Now, it it possible to insert intermediate sources at a more reasonable spot in the design space (and make that the default), however this comes at the expense of added file size. Many projects based on older source data (like Kepler, Myriad, etc) do not have intermediate sources, therefore the default, representative style is – for better or worse – Light Condensed.

    You also said “yes, the full variable releases of Myriad and Minion” — I wish this were true.
  • Ray LarabieRay Larabie Posts: 1,267
    @Frank Grießhammer Unless I misunderstood the warnings, to pass Adobe's FontBakery test, intermediate masters are required. Two of my fonts only had masters on the corners, and I had to add intermediate masters to make them pass.
  • edited January 24
    @Ray Larabie You misunderstood the (admittedly, poorly-worded) warnings.
    https://forum.glyphsapp.com/t/variable-font-origin/24441/14
  • Dave CrosslandDave Crossland Posts: 1,242
    Frank Grießhammer said:

    Many projects based on older source data (like Kepler, Myriad, etc) do not have intermediate sources, therefore the default, representative style is – for better or worse – Light Condensed.
    ...but, taking any VF with only a wght axis, the OpenType spec says that the wght axis default is 400, so even if the font has only 2 masters at min and max, the default value must be 400, not whichever master is in the glyf table?
  • zakkurizakkuri Posts: 1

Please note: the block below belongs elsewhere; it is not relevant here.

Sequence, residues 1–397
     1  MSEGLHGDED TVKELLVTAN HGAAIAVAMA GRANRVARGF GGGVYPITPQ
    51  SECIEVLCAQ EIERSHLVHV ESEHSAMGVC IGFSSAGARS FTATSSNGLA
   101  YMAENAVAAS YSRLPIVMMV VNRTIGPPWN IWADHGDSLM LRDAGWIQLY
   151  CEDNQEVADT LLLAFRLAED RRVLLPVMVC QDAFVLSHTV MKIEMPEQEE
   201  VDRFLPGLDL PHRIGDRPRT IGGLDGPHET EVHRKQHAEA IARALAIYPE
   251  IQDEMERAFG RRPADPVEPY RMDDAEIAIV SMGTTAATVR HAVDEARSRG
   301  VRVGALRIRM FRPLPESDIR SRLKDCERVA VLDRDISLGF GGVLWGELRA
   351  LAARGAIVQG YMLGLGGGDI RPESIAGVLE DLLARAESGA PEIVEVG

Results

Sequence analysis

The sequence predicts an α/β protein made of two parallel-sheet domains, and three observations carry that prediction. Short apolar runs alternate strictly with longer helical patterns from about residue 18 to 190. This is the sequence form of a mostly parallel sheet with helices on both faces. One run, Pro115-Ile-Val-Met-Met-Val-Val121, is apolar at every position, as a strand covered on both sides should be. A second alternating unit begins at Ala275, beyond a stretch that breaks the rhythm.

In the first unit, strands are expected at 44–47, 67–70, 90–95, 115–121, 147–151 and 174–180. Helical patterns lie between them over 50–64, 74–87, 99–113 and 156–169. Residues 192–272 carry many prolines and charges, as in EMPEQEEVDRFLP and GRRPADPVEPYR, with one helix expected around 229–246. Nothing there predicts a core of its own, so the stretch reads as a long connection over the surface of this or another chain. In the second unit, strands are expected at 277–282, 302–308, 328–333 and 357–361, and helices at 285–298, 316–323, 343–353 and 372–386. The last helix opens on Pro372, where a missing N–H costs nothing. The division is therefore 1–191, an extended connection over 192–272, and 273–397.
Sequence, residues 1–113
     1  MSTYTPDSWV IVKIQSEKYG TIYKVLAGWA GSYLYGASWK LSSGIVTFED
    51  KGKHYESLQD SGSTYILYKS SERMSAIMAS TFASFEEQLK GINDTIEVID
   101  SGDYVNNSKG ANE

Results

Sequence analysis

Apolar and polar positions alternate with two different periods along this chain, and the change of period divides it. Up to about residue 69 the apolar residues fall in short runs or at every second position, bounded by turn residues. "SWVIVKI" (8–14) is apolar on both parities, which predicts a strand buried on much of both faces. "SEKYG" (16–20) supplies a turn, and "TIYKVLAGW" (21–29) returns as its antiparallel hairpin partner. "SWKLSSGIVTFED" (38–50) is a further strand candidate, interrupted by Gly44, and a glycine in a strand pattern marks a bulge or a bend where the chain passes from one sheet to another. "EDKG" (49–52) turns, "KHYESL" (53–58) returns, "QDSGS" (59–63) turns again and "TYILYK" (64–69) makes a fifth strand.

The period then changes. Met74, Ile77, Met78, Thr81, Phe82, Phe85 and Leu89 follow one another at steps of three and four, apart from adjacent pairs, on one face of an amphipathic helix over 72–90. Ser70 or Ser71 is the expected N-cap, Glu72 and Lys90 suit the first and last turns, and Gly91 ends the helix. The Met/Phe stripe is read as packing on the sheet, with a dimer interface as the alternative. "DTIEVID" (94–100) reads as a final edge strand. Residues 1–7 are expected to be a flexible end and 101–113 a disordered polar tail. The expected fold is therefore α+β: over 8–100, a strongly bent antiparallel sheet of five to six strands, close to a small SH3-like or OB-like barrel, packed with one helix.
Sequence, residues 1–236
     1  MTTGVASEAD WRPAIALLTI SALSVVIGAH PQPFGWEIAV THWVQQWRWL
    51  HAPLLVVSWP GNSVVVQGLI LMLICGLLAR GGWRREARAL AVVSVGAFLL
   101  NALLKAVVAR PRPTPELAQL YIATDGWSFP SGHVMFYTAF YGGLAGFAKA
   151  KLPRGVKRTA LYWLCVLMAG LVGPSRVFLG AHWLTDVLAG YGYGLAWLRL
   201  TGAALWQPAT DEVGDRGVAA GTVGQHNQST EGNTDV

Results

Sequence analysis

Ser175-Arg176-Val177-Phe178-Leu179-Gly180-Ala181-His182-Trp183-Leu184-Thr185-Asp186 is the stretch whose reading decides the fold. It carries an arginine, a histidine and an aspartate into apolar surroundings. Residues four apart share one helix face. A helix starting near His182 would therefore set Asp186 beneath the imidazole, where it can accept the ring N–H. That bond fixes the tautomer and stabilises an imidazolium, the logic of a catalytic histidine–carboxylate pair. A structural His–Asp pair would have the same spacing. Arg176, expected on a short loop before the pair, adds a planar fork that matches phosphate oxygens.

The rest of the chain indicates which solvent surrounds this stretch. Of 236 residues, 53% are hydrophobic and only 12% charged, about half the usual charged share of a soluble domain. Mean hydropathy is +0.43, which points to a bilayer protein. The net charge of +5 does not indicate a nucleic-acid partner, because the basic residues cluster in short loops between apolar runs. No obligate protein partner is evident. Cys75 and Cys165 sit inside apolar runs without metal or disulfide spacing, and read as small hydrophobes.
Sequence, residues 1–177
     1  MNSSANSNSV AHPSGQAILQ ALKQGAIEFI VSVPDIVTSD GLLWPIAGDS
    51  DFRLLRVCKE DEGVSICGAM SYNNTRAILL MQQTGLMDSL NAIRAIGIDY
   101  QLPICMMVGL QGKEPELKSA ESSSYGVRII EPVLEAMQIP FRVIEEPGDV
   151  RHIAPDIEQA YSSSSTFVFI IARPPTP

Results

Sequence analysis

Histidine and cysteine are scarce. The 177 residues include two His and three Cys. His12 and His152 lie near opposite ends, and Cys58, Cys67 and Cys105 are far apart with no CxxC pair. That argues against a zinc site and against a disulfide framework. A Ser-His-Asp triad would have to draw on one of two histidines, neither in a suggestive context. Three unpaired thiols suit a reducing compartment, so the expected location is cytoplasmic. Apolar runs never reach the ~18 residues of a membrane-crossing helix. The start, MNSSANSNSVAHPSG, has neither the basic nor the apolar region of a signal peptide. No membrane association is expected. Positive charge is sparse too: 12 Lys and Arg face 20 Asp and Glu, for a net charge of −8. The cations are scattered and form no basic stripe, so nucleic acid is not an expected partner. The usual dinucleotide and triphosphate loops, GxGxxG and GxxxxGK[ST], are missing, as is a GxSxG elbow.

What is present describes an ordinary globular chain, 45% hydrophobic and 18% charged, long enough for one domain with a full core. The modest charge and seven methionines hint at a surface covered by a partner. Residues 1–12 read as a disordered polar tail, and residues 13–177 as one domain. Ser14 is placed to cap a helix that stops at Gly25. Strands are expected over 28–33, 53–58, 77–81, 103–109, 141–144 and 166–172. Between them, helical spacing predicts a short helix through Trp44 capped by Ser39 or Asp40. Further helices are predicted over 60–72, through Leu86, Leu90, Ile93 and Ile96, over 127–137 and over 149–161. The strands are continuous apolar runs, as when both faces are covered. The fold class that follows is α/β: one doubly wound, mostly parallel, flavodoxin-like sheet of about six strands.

edited January 25
    @Dave Crossland The spec says 

    Recommended or required “Regular” value:
     400 is required.

    And below that it says

    In a variable font that implements 'wght' variations, the value in the usWeightClass field of the OS/2 table must match the default 'wght' value specified in the 'fvar' table.

    None of that says the wght axis default is 400. The default is whatever you want it to be. To be compliant you must also define a so-called "Regular" instance at 400 which is something fontbakery checks for, but nothing says that 400 must be the default. 
  • Dave CrosslandDave Crossland Posts: 1,242
    edited January 25
    https://learn.microsoft.com/en-us/typography/opentype/spec/dvaraxistag_wght literally does say that as quoted, except it uses the word Regular instead of default. 

    I think I was also imprecise about the difference between default and regular, and not communicating the clarity I kindly think you are missing :) 

    The default master ending up in the glyf table is a technical detail of implementation.

    What users expect is the Regular weight 400, Regular width 100, etc. That isn't necessarily any master location. But it is what users expect to see as the style rendered when nonaxes value are input.
  • jeremy tribbyjeremy tribby Posts: 142
    edited January 25
    Aside from an oddity about defaulting to the minimum on every axis, instead of the settings of the default instance, it looks pretty good.